Thursday, September 17, 2020
Here is a reprise of a post of mine from a few years ago about St. Robert Bellarmine on his memorial day, including a mention of the striking fact that Thomas Hobbes encountered Bellarmine from afar in Rome in 1614:
A few things for today's Memorial of Saint Robert Bellarmine (1542-1621), the Counter-Reformation Jesuit cardinal and one of the great political theorists in the Catholic tradition:
Pope Benedict XVI's reflection on Bellarmine's legacy as a doctor of the Church is available here.
My friend Matthew Rose published a brilliant paper on Hobbes and Bellarmine in the Journal of Moral Theology over the summer (available here at page 43). A bit from that:
In the pope’s private chapel on All Saints Eve in 1614, an elderly Robert Bellarmine joined a group of fellow cardinals and Pope Paul V for Vespers. At the time an advisor to the Sacred Congregation of the Universal Inquisition, Bellarmine could not have known he was being closely watched by a visitor, then in his late twenties, who would go on to compose the most important political treatise in the English language. The tutor to William Cavendish seems to have made a special point of bringing his pupil to see the Cardinal, whom his travel journals describe as a “little, lean old man” distinguished for his “rank” and “learning.”
Some thirty-five years later Thomas Hobbes would complete his observations of Bellarmine, granting him the distinction of being the only modern author identified by name in Leviathan.
Hobbes’s attack on Bellarmine is arguably the most mature expression of a debate between temporal and spiritual authority that had grown steadily in sophistication since the eleventh century. In the pages of Leviathan, it can for the first time be fairly described as a debate between the church and the fully modern state. Its most interesting feature is that, unlike previous iterations, it is not fundamentally about rival jurisdictions. Hobbes instead challenges Bellarmine with a rival account of Christianity itself, one that aims to show how classical forms of Christian theology need to be reformed by enlightened modes of thought. Hobbes argues that the pope’s “indirect power”—his alleged spiritual authority over temporal matters that involve man’s supernatural end—reflects a defective understanding of both revelation and reason.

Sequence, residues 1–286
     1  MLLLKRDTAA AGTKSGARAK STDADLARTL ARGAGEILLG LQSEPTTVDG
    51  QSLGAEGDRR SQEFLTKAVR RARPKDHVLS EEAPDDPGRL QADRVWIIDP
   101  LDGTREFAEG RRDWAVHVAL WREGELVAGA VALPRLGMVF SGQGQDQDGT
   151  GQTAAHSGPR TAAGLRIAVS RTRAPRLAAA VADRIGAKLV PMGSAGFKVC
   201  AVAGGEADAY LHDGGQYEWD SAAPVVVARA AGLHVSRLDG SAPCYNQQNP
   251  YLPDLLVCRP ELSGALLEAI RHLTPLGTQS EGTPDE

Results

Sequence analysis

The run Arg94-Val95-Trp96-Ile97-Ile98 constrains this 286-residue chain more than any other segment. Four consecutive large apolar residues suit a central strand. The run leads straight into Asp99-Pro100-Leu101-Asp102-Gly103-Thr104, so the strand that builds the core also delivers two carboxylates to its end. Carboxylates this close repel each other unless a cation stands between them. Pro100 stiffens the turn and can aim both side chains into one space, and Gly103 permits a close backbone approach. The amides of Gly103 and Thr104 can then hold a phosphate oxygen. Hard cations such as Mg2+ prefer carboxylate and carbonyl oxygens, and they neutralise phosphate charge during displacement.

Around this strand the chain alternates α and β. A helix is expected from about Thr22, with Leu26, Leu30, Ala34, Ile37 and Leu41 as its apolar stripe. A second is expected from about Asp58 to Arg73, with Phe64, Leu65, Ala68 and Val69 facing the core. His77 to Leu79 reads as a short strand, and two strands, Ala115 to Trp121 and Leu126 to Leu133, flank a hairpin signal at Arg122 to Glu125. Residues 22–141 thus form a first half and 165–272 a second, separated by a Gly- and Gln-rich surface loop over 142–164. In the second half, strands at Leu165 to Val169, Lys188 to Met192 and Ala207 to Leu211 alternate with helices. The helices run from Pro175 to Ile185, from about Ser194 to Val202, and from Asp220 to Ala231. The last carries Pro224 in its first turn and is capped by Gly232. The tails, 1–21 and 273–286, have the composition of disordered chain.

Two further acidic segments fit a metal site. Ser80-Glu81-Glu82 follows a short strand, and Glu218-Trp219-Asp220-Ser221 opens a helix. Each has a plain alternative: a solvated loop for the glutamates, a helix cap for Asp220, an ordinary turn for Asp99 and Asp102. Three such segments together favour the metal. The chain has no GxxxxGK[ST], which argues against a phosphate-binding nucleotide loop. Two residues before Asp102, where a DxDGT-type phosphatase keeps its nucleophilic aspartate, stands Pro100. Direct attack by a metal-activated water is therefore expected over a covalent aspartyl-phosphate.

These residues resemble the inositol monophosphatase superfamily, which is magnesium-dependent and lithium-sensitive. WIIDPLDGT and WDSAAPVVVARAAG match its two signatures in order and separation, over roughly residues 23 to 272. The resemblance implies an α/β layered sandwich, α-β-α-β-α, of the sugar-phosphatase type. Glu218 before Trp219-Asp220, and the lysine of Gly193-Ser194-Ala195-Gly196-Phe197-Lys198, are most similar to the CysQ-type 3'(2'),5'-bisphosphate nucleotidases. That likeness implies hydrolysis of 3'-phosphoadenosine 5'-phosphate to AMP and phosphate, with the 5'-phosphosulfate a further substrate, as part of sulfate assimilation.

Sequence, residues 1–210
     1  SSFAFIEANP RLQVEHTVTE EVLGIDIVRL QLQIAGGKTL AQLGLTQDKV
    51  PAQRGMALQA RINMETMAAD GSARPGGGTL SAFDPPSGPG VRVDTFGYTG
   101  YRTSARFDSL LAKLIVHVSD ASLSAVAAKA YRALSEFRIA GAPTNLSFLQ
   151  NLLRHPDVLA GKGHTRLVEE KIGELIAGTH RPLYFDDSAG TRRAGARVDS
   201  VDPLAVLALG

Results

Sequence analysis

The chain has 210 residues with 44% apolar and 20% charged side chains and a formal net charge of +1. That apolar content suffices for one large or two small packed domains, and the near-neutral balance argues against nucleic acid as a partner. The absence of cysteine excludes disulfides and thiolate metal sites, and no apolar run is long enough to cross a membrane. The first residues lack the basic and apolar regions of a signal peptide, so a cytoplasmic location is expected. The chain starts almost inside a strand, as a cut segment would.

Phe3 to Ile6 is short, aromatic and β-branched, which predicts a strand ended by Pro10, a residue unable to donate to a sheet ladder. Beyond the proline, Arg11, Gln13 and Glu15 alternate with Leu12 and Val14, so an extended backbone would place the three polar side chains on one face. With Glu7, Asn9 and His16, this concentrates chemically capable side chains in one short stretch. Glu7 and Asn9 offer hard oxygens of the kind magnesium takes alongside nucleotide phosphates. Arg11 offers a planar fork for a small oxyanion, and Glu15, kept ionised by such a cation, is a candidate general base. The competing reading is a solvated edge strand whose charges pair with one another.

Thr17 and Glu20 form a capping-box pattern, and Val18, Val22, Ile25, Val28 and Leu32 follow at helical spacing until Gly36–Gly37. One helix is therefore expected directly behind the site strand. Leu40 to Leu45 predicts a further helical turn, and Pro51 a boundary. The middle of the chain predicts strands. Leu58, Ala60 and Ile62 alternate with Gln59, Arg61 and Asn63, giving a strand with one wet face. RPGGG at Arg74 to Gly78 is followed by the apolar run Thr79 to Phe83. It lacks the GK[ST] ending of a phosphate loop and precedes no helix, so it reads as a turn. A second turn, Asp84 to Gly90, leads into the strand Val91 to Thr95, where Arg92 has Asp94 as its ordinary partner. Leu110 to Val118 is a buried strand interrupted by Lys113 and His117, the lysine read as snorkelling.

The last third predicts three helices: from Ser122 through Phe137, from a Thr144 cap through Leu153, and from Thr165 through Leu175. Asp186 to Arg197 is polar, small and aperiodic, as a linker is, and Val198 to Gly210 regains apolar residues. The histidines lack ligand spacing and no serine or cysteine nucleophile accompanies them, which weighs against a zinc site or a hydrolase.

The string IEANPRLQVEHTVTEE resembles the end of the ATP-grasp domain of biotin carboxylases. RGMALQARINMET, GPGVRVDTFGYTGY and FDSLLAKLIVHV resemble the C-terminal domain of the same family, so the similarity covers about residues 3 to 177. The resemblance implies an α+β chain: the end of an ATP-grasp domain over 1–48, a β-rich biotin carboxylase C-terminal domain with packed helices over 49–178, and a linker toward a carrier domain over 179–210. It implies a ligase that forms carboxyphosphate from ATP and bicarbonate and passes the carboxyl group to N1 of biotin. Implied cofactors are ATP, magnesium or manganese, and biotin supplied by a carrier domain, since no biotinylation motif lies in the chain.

Matthew Rose, "Hobbes contra Bellarmine," 4 Journal of Moral Theology 43 (2015), at 43, 45 (citations omitted).
And then this appreciation (qualified a bit later) from John Courtney Murray, SJ writing in Theological Studies:
An appreciation of Bellarmine's political theology must needs be generous; here it may also be brief. His defense of the permanent and absolute principles on which that theology rests was brilliant and effective. The essence of the "common cause" that he defended was, of course, the distinction of the two powers. Bellarmine gave it a newly luminous statement by his emphasis on the purely spiritual power of the Church, and by his elaboration of Thomistic political philosophy. In this respect he effected a doctrinal advance within the Church herself, by finally disposing of the confusions and exaggerations of the hierocrats. Moreover, out of this doctrinal synthesis, by analysis of its terms, he drew a newly effective statement of the second great principle that is part of the Catholic "common cause"; I mean the primacy of the spiritual power and the subordination of the temporal power. Here he did a service not only to the Church but to the spiritual freedom of mankind, in that he set a stern barrier to the tyrannical pretensions of royal absolutism. His doctrine shattered all three elements of the theory of "divine right": the exclusive rightness of the monarchical form of government, the belief in an individual monarch's inalienable right to govern, possessed independently of human agency, and the assertion of the irresponsibility of the king—his absoluteness. Here was a political as well as a theological achievement of a high order.
"St. Robert Bellarmine on the Indirect Power," 9 Theological Studies 491 (1948), at 532.